Life's rich tapestry is covered in this morning's papers - a bus company's finances, same-sex marriage, and a solicitor who stole from his clients.
"No business opt-out in gay marriage law" - The News Letter claims that hoteliers, florists and wedding photographers will be unable to refuse same-sex wedding couples.
The papers reports on plans drawn up by the Northern Ireland Office (NIO).
It reports that they "spell out in black and white that whilst it envisions giving churches an opt-out clause over ceremonies no such exemption will apply to marriage services".
The news was uncovered by a question submitted by TUV leader Jim Allister in response to a government consultation.
Mr Allister says the NIO's stance contrasts with the 2018 'gay cake' Ashers bakery ruling.
Ciaran Kelly, from The Christian Institute, tells the paper: "Since the courts have declared that support for traditional marriage is a belief worthy of respect in a democratic society it would be better still if small business owners like florists and photographers were left to operate according to their conscience on marriage too."
In the Belfast Telegraph, the former director of Wrightbus hits back at revelations uncovered in BBC Spotlight.
The programme revealed that the parent company of Wrightbus made a £1.35m donation to a religious charity when the County Antrim bus builder was in deep financial trouble.
Wrightbus went into administration in September 2019 owing creditors £58m.
In January 2019, its parent firm Cornerstone made the donation to Green Pastures Church.
The paper reports that Pastor Jeff Wright says any claims money was wrongly donated are untrue.
It also says the church leader is "deeply concerned" about how the issue has become "personalised".
In a statement, Mr Wright said: "A view is being peddled that Cornerstone Group Limited was wrongly paid dividends by Wrights Group and that Cornerstone wrongly used these monies to make donations towards the development of our church - that could not be further from the truth and is extremely hurtful and damaging."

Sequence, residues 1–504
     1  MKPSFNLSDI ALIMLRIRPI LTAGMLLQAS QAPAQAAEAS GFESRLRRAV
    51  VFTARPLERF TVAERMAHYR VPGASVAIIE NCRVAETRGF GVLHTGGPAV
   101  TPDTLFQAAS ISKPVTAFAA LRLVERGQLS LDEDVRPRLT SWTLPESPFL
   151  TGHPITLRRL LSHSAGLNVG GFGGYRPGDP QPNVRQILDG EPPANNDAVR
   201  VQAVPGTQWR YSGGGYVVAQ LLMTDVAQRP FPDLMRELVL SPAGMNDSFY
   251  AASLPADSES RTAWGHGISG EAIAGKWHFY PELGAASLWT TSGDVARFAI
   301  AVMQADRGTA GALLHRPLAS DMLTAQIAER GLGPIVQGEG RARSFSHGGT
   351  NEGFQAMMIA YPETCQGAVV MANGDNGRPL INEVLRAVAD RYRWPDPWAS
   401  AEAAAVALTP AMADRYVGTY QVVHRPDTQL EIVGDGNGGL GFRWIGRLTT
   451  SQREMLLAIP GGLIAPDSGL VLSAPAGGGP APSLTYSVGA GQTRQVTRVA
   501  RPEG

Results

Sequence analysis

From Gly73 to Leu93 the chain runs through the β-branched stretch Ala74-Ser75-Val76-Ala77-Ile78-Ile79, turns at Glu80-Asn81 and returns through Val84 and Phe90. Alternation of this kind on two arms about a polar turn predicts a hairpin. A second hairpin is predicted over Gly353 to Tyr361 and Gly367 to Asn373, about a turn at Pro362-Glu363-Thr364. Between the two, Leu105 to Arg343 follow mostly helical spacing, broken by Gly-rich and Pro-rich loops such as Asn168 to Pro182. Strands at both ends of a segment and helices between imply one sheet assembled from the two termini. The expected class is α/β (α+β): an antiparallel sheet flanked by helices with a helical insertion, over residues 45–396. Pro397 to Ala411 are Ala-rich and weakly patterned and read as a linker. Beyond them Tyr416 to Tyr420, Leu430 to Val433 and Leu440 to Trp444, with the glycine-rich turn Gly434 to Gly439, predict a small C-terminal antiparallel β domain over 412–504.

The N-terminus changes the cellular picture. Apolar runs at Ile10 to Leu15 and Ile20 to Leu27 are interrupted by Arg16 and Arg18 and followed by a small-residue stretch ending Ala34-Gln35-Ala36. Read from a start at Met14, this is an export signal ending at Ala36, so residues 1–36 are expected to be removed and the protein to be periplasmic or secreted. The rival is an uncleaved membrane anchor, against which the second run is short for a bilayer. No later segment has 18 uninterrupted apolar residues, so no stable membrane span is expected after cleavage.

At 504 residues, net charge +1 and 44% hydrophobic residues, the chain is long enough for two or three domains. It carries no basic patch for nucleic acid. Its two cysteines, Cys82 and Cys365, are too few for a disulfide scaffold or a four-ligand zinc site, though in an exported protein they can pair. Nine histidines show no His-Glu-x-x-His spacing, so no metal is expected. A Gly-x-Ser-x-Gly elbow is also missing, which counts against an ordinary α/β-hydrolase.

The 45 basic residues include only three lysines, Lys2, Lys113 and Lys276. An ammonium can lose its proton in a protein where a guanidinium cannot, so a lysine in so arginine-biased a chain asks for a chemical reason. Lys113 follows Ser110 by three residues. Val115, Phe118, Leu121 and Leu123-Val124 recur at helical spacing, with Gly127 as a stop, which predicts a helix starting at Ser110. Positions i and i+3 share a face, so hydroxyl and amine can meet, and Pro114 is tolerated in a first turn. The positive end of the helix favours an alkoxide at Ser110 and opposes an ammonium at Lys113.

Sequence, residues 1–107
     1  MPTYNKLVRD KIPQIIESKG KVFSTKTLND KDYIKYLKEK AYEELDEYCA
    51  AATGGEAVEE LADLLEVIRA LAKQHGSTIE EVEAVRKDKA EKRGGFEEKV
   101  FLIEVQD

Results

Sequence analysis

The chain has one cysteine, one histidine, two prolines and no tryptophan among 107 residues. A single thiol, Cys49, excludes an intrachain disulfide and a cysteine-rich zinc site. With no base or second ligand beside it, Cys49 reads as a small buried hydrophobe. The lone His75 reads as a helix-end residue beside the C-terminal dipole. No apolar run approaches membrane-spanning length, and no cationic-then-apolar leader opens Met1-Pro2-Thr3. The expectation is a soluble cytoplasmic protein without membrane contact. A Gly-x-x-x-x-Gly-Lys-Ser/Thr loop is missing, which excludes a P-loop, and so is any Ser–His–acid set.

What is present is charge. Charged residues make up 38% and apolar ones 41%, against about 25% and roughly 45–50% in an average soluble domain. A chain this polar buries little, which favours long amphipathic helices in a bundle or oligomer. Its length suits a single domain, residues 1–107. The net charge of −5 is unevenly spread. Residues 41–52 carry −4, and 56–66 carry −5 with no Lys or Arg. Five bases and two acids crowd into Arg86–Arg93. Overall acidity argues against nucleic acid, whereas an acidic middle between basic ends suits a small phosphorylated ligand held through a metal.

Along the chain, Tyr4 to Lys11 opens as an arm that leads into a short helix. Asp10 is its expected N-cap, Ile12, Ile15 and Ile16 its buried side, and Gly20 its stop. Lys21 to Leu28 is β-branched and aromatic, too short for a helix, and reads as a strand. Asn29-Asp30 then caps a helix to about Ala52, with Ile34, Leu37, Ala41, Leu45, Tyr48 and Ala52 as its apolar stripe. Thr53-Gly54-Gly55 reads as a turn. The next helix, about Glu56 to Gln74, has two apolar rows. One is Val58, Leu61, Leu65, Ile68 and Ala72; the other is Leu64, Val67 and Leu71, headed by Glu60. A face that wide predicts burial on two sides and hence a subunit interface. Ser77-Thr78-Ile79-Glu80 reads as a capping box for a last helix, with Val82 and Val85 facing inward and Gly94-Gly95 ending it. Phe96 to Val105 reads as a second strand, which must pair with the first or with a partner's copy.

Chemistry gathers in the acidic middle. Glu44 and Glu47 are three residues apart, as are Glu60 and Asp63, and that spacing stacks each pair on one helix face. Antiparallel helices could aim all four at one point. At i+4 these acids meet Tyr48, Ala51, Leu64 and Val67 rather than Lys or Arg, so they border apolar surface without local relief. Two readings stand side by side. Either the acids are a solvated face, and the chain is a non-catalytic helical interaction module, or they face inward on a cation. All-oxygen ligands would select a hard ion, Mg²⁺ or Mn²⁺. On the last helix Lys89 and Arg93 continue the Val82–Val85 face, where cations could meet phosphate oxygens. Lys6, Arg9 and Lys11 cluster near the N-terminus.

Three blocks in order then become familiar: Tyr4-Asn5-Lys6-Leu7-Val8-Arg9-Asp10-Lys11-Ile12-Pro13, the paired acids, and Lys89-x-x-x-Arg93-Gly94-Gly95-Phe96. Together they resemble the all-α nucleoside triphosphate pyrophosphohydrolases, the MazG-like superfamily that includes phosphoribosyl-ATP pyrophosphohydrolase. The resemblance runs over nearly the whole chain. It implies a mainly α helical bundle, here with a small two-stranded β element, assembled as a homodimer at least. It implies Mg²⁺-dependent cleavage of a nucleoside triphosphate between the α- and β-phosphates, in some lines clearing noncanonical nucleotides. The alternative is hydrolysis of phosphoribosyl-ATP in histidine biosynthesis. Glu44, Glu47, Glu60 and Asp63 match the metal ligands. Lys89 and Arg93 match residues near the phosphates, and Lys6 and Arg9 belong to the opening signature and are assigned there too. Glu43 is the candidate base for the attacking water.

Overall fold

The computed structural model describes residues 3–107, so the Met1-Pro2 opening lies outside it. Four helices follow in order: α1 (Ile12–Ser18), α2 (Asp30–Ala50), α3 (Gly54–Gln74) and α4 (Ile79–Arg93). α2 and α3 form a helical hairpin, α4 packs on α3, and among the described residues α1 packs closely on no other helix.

Jeff Wright also revealed details about death threats issued to the family after the company entered administration.
The wider Wright family said they had acted appropriately and lawfully at all times.
'Almost obsessive interest in horse-racing'
On the front page of the The Irish News - a report on a lawyer who stole almost a million pounds from his firm and its clients to fund a "horse-racing obsession".
Graham Keys, of Lurgan Road, Glenavy, in County Antrim was jailed for two years and three months.
Between March 2006 and July 2015, Keys "helped himself" to £856,714.89 from the clients account and to £83,931.01 from the company account.
He admitted a total of 21 charges.
His defence lawyers said Keys "accepted unequivocally" that he was responsible for "creating havoc with his own firm".
The judge described him as a "highly gifted and capable solicitor" who used his "legal knowledge and ability" to "systematically siphon" funds using "camouflage and concealment" over a prolonged period.
The judge said he accepted the money was used to "indulge his almost obsessive interest in horses and horse-racing".
Reusable cups are generally lauded as an environmentally friendly and handy option for takeaway teas and coffees -all in all they're good eggs.
However reusable cups cannot being used with hot drinks bought on cross-border Enterprise trains.
The Irish News reports that emails released under a Freedom Of Information request show a manager at the catering company that provides services for the Dublin-Belfast train told a customer such cups are not used due to "potential dangers including staff poisoning".
The manger also said that because the service was cross-border it has the "potential to be targeted for such sinister activity".
The service is jointly operated between Irish Rail and Translink.
However Translink's response does not mention a sinister element for the decision.
A spokeswoman said that only an Enterprise-branded reusable cup may be used because it is "compatible with the drinks trolley".
She said the cup had been specially designed to be used with the onboard catering equipment.
Never too late
In the News Letter, a Cullybackey actress in her 70s makes her debut on the London stage.
Helena Bereen has had a long career and been in movies such as Hunger and the Devil's Doorway but she has never set foot on a stage in London.
But - better late than never - she has now appeared in On McQullian's Hill, a play about an IRA man, in the Finborough Theatre.
The production comes two years after its writer, Derrymacash playwright Joseph Crilly, took his own life.
Kenneth Ronald Montgomery, 58, was killed when a tree fell on his car.
Mr Montgomery left Northern Ireland in 1979, aged 18 and became successful - owning his own shop in Winchester.
His family said he was "passionate about his family, dogs and will be sorely missed by everybody that knew and love him".
The Conservative MP Steve Brine paid tribute to him as a "gentleman".